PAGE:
Southern chinch bug, Blissus insularis Barber, is a severe pest of St. Augustinegrass throughout the southern United States. Host plant resistance is an environmentally friendly method to manage chinch bug infestations and is increasingly important, as the southern chinch bug develops resistance to insecticides. In this study, in an effort to understand resistance mechanisms in two varieties of St. Augustinegrass (‘FX-10’ and ‘NUF-76’), we used the electrical penetration graph method to quantify stylet probing behaviors in two resistant and two susceptible St. Augustinegrass varieties. Overall, chinch bugs spent less time probing on resistant FX-10 and NUF-76 than on susceptible ‘Floratam’ and ‘Palmetto’, and individual probes were shorter in average duration but more numerous in resistant varieties than in susceptible varieties. During probing, chinch bugs spent more time in pathway-associated stylet activities (i.e., penetration through epidermal and mesophyll tissue) in the resistant varieties than in the susceptible varieties, likely indicating difficulty in finding and accessing an ingestion site. As a consequence, chinch bugs spent proportionately much less time engaged in xylem ingestion in both resistant varieties than in susceptible varieties but only in FX-10 were phloem-associated activities significantly reduced compared with those in susceptible varieties. We conclude that there is evidence for non—phloem-associated chinch-bug resistance factors in both NUF-76 and FX-10, and phloem-associated factors in FX-10.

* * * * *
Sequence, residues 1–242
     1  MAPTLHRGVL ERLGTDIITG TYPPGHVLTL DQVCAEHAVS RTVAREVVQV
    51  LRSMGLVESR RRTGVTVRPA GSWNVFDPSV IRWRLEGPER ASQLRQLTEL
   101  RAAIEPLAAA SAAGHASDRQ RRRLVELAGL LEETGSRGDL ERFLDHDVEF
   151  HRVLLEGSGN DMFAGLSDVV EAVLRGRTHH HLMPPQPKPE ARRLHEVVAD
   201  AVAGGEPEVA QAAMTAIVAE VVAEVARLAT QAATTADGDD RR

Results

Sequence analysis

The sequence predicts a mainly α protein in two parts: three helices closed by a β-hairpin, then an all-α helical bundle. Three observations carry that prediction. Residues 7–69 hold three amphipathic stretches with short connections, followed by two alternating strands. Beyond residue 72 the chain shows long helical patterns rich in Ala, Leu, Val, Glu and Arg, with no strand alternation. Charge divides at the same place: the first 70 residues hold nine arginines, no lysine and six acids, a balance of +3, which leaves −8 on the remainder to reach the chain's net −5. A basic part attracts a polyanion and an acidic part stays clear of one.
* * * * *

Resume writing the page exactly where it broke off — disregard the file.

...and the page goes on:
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Vol. 108 • No. 2